Friday, June 25, 2010

2011 Lapierre DH Team

From Pink Bike: "The new bike heads off in an entirely new direction for Lapierre, forgoing the virtual pivot dual link design for a linkage driven single pivot and floating bottom bracket combination, as well as revised slacker and longer geometry.
When the new bike does become available (possibly sometime in November) you will be able to choose between two models, a team model that closely resembles the bikes that Sam Blenkinsop and the rest of the team are racing on, and the less expensive DH-720. If you opt for the DH-720 you'll be pleased to know that it uses the exact same frame as the top end bike. A frame only option will be available for those who want to build it up with parts of their choice.
Lapierre's new DH platform takes a completely different route for rear suspension duties when compared to their dual link FPS design. The bike uses a single pivot with a few twists to address some of the perceived shortcomings of the classic design. The shock is activated via a compact linkage that allows the engineers at Lapierre to dial in the exact leverage ratio that they are looking for, as well as helping to isolate the shock from side loads that could affect its life span. They've also worked closely with Fox nail down the correct shock tune as opposed to simply bolting up a standard shock. As is always the case with Lapierre, all pivot hardware is anodized aluminum and the finishing on all suspension parts is impressive.
Although the addition of the Pendbox certainly adds some complication to the bike, the designers feel that the trade off is worth it. In today's highly competitive world of downhill racing, from World Cups to timed runs on your local hill, a bike needs to both have great suspension performance and be able to pedal well when the time comes to sprint out of a corner. The goal by using the Pendbox is to be able to handle both duties and handle them very well. Just as can be found on the main pivots, the Pendbox rotates on sealed bearings and is held together with anodized aluminum hardware. You'll also find ISCG-05 chain guide tabs and a Press Fit bottom bracket shell.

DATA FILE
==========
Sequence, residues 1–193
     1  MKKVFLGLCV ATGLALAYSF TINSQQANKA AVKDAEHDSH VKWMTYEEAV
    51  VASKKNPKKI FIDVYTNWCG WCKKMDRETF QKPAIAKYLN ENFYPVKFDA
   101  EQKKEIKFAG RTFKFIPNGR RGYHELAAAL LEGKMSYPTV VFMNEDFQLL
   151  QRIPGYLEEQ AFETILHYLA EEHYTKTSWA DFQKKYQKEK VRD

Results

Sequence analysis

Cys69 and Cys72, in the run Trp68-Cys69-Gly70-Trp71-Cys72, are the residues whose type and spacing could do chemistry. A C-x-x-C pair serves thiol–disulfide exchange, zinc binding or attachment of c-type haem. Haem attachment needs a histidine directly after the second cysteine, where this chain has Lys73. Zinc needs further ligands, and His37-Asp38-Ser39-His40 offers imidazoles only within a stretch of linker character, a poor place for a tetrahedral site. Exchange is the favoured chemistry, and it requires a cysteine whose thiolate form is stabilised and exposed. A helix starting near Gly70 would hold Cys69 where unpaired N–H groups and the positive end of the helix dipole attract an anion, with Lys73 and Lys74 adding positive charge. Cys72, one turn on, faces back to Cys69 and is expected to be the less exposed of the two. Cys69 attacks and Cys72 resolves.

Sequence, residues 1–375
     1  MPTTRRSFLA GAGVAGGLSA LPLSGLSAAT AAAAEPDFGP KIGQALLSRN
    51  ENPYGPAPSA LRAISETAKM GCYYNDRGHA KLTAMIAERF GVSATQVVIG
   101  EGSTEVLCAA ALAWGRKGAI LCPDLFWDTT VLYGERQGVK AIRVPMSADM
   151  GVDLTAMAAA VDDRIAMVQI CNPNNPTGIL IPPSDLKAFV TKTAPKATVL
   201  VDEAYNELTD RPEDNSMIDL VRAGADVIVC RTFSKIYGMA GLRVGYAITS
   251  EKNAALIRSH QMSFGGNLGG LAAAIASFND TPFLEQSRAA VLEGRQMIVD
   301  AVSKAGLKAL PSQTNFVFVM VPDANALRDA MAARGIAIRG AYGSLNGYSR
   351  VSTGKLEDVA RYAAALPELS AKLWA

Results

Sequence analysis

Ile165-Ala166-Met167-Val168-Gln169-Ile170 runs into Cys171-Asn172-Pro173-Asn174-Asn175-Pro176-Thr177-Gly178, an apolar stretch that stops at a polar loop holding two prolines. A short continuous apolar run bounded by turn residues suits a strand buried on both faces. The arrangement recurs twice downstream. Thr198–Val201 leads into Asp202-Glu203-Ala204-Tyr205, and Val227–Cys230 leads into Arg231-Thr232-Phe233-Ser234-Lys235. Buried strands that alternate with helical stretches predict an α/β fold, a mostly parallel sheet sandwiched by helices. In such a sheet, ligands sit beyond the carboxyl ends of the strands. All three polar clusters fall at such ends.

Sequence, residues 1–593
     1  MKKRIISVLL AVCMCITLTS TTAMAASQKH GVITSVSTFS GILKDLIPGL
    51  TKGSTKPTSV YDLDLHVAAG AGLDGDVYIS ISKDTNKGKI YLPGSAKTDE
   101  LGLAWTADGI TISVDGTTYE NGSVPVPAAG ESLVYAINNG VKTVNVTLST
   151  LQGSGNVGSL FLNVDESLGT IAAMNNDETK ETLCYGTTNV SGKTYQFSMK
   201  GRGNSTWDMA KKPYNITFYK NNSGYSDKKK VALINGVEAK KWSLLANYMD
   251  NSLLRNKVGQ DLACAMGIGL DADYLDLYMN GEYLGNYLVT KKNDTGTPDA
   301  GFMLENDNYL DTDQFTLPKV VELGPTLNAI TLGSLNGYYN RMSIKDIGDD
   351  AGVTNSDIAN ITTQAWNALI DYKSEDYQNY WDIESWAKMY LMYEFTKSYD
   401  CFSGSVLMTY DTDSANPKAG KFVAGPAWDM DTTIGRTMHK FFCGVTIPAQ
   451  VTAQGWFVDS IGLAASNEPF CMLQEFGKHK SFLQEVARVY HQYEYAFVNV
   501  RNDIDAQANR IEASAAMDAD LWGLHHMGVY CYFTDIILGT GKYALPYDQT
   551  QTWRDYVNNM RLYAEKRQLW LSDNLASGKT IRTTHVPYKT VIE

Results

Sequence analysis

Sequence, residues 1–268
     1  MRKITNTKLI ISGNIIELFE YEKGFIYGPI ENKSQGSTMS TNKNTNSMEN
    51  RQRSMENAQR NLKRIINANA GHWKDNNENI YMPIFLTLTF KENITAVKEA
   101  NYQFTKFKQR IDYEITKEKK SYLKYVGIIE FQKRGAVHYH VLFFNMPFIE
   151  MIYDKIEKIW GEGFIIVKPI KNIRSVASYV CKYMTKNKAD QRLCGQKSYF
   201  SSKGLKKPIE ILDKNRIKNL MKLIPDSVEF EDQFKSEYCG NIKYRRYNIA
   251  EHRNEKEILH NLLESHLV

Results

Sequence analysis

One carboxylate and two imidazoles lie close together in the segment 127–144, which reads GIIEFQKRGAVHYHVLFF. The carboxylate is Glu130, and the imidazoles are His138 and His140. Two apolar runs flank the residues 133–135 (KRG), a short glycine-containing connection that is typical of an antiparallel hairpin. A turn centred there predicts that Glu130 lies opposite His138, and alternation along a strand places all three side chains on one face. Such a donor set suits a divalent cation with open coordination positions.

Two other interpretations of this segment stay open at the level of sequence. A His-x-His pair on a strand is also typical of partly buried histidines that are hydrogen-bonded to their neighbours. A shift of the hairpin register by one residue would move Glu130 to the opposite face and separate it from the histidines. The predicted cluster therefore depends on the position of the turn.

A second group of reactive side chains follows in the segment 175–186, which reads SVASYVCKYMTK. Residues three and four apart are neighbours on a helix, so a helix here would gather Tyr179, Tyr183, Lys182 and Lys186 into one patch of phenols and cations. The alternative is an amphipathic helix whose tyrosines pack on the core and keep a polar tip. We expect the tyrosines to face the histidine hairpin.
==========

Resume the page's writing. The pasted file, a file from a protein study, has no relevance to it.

The rear of the DH Team (as well as the DH-720) sports a mostly carbon swingarm that not only looks great, but also presumably shaves valuable grams from an already light frame. Although the carbon section does look like two separate pieces, they are actually one unit that is tied together by a compact carbon bridge. The forward section of the swingarm that's housing both the main pivot and the mounting point for the suspension's pushrod is an aluminum unit, as are the bolt on rear dropouts on both the drive and non-drive sides. Both the shift and brake lines can be routed internally for more protection and a cleaner look. Tying the 12 x 150 mm rear end together is an anodized gold aluminum axle.
Adjustability can be key when trying to dial in a bike to how you prefer it to handle or even for a specific course. There are quite a few bikes out there that allow the rider to alter their head angles, but not a lot that let you do this without affecting the suspension performance of drastically changing other angles. By using a sleeve within the bike's headtube Lapierre has kept head angle adjustments separate from affecting other adjustments. While eccentric headtube sleeves are nothing new, this one abandons the usual portly pinch bolts that would otherwise hold it in place. You can alter the angle by one full degree in half degree jumps from 64 to 63 degrees"
 "2011 Lapierre Dh Team in Details:
  • Entirely new model for 2011
  • 200 mm of rear wheel travel
  • Aluminum front triangle, carbon swingarm
  • Uses Lapierre's Pendbox system
  • Internal cable routing
  • Adjustable headtube angle, 64-63 degrees
  • Integrated seat post clamp
  • Frame weight of 8.4 lbs (300 grams lighter than last year's frame)
  • Two models: DH-Team and DH-720
  • Available as a frame only
  • Refined sizing: Large uses a 20 mm longer toptube"
 Lapierre Dh 920 in black/grey

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